He became so popular with fans in Atlanta that the Braves negotiated exclusive big-league baseball rights with Warner Bros. Cartoons to use animated scenes of the Looney Tunes character Road Runner on the scoreboard, while the calliope erected behind right field went "beep-beep" like the cartoon character every time Garr reached first base.[11] By the end of the season, Garr's batting average cooled off to .343, good for second best in the National League to the St. Louis Cardinals' Joe Torre. He also scored a career high 101 runs batting second in the Braves' batting order.

Unfortunately, Garr's defensive short-comings (he led N.L. outfielders with eleven errors) caused him to lose his starting job in left field when Carty returned to the Braves in 1972. He still appeared in 134 games and managed a .962 fielding percentage manning all three outfield spots. His .325 batting average was again second best in the league (this time to the Chicago Cubs' Billy Williams). At the end of the season, Carty was traded to the Texas Rangers, opening a permanent spot for Garr.[12]

Garr again put up solid offensive numbers in 1973 (.299 batting average, 11 home runs, 94 runs scored & career high 55 RBIs & 35 stolen bases), but his weak glove made him trade-bait at the 1973 Winter meetings. Needing to strengthen their infield defense as well, the Braves had a deal in place that would have sent Garr to the Philadelphia Phillies for shortstop Larry Bowa,[13] but it fell through. Instead, he remained in Atlanta, and put together the best season of his career. He flirted with a .400 batting average for much of the first half of the season. He had 149 hits heading into the All-Star break that year, a record that stands to this day, to earn selection to the National League All-Star team (he went 0-for-3 with a strikeout).[14] He ended the season with a league best .353 average, and also led the N.L. in hits (214) and triples (17).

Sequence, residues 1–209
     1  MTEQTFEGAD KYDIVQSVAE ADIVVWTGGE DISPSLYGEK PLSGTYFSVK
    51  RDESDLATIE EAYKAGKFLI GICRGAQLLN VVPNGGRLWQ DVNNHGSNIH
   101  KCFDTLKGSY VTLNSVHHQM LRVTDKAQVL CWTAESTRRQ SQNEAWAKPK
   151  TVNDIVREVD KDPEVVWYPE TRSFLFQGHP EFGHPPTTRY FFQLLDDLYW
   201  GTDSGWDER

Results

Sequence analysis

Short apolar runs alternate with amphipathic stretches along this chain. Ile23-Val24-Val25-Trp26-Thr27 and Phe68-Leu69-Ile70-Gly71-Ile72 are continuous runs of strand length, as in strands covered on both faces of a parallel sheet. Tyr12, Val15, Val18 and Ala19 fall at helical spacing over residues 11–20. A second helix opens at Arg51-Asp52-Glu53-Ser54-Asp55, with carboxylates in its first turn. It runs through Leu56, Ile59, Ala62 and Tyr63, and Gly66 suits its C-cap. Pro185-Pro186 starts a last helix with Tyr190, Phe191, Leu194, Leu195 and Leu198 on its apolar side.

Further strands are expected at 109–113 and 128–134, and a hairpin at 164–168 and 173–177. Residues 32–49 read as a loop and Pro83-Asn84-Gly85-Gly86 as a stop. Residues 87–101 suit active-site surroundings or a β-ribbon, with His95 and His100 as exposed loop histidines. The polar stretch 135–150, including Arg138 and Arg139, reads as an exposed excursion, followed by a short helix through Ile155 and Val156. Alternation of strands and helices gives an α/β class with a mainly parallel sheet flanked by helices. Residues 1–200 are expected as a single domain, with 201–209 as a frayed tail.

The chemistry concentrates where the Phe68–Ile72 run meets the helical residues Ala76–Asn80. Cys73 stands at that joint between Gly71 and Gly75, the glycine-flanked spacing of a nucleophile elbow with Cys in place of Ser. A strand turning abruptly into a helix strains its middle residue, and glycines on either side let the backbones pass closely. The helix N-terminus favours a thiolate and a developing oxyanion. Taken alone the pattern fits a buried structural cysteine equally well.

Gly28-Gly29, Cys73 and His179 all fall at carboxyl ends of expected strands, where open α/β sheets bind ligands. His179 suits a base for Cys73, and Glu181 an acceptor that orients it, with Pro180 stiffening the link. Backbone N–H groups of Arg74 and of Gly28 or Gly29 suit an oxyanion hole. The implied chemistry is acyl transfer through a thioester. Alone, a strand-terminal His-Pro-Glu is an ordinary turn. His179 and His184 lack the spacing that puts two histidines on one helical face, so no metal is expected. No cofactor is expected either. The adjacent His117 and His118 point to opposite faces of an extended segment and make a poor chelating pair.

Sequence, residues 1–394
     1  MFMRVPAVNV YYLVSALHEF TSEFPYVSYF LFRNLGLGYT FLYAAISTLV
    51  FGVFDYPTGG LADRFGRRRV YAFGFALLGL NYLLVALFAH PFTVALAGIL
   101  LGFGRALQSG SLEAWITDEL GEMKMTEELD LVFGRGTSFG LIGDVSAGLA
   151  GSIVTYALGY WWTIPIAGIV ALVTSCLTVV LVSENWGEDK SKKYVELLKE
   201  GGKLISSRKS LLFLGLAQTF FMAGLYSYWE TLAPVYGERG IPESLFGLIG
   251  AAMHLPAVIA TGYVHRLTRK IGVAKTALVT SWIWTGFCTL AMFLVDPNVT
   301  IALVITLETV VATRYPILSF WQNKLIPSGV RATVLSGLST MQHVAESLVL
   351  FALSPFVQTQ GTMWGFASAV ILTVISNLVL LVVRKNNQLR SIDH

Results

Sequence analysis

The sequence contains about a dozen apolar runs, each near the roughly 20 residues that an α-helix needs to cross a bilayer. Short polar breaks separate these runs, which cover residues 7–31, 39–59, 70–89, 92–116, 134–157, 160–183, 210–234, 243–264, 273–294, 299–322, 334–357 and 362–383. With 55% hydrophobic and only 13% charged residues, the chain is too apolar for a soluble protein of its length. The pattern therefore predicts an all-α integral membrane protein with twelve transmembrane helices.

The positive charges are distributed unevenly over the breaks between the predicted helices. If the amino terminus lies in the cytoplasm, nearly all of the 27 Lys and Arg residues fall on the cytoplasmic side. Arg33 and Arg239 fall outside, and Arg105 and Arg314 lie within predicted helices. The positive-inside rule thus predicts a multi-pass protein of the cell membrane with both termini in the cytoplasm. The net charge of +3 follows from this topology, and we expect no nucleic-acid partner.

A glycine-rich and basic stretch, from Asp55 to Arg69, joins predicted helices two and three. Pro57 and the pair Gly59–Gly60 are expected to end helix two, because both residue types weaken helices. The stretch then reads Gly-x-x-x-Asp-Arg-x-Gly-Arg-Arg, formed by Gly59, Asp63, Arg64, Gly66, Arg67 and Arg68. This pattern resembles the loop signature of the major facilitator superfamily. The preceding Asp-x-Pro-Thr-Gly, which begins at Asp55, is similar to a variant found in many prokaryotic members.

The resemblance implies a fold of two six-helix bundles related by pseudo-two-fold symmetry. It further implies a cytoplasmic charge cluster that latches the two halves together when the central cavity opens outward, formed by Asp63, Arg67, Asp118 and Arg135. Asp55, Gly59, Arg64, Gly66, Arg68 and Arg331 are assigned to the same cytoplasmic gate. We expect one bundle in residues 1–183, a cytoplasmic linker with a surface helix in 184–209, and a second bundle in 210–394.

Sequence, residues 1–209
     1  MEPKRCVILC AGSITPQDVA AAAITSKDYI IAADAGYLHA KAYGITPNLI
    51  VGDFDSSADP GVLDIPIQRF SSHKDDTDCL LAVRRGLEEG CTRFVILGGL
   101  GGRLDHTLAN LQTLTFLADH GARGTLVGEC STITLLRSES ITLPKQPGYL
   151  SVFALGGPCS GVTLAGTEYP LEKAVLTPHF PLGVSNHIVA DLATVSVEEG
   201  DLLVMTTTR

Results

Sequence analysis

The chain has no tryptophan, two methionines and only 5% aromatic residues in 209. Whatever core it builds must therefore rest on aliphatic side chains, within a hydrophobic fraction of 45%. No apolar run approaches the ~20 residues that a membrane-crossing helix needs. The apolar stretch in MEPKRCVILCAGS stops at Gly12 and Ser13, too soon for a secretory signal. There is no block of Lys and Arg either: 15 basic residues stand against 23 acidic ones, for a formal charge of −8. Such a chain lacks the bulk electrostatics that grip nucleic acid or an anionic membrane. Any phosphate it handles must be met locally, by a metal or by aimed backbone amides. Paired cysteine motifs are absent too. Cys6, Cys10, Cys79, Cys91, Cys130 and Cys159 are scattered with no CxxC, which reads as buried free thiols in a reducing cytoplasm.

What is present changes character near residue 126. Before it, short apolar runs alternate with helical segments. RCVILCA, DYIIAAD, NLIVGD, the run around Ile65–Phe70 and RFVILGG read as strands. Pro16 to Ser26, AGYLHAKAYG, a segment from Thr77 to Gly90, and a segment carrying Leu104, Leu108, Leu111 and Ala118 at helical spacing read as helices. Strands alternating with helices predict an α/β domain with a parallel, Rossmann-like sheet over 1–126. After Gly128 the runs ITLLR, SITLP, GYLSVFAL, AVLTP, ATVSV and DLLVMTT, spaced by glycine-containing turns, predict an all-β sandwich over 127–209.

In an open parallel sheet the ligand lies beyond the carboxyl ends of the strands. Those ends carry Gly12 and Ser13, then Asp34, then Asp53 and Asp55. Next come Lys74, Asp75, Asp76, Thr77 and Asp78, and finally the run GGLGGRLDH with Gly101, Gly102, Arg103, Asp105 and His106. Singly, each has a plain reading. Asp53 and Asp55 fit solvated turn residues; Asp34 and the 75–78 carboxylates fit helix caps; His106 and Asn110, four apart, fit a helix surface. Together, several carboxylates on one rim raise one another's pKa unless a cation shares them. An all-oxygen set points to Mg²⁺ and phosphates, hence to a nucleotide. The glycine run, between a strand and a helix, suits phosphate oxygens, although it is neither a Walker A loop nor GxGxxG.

Garr spent much of his early career believing that he was under paid by the Braves. After a career year, Garr sought a raise to $114,500 for the 1975 season, more than double what he received in 1974. The Braves countered with $85,000.[15] The contract dispute went to arbitration, with Garr winning[16] to become the highest paid player on the team, and the first player in major league history to double his salary through arbitration.[17]

Despite an excellent Spring, and going into the season with confidence,[18] Garr's average dipped to .278 in 1975. He did, however, lead the league in triples (11) for a second year in a row. After the season, he and infielder Larvell Blanks were traded to the Chicago White Sox for Ken Henderson, Dick Ruthven and Ozzie Osborn.[19]

Chicago White Sox

Disarray was something of a theme for the Chuck Tanner managed was used at third and left field in 1976 by new manager Paul Richards.[20] Likewise, Garr's role with the Chisox in 1976 was similar to the one he had with the Braves in 1972; he had no regular outfield position, and his playing time was split evenly between all three outfield spots. The formula proved unsuccessful as the Sox narrowly avoided a hundred losses in 1976. For his part, Garr batted an even .300, and was second on the team to Orta with 63 runs scored.

Bob Lemon replaced Richards at the helm in 1977,[21] returning Orta to second base, and returning Garr to left field. The Chisox did a complete 180 that year as they won ninety games to finish third in the American League West. Garr batted an even .300 for the second year in a row, while improving substantially in every other offensive category. His fielding also improved as he logged a career high .987 fielding percentage.

Garr had an off year in 1978, putting up career lows in just about every offensive category. His notoriously bad fielding was also becoming an issue again. He and pitcher Francisco Barrios became embroiled in a fight on August 10, following a loss to the Toronto Blue Jays, over an incident in their August 7 match-up with the Kansas City Royals. With Barrios pitching, Garr threw a ball he fielded off the wall to the wrong base, allowing a runner to score.[22] It was the second run-in between the two.[23]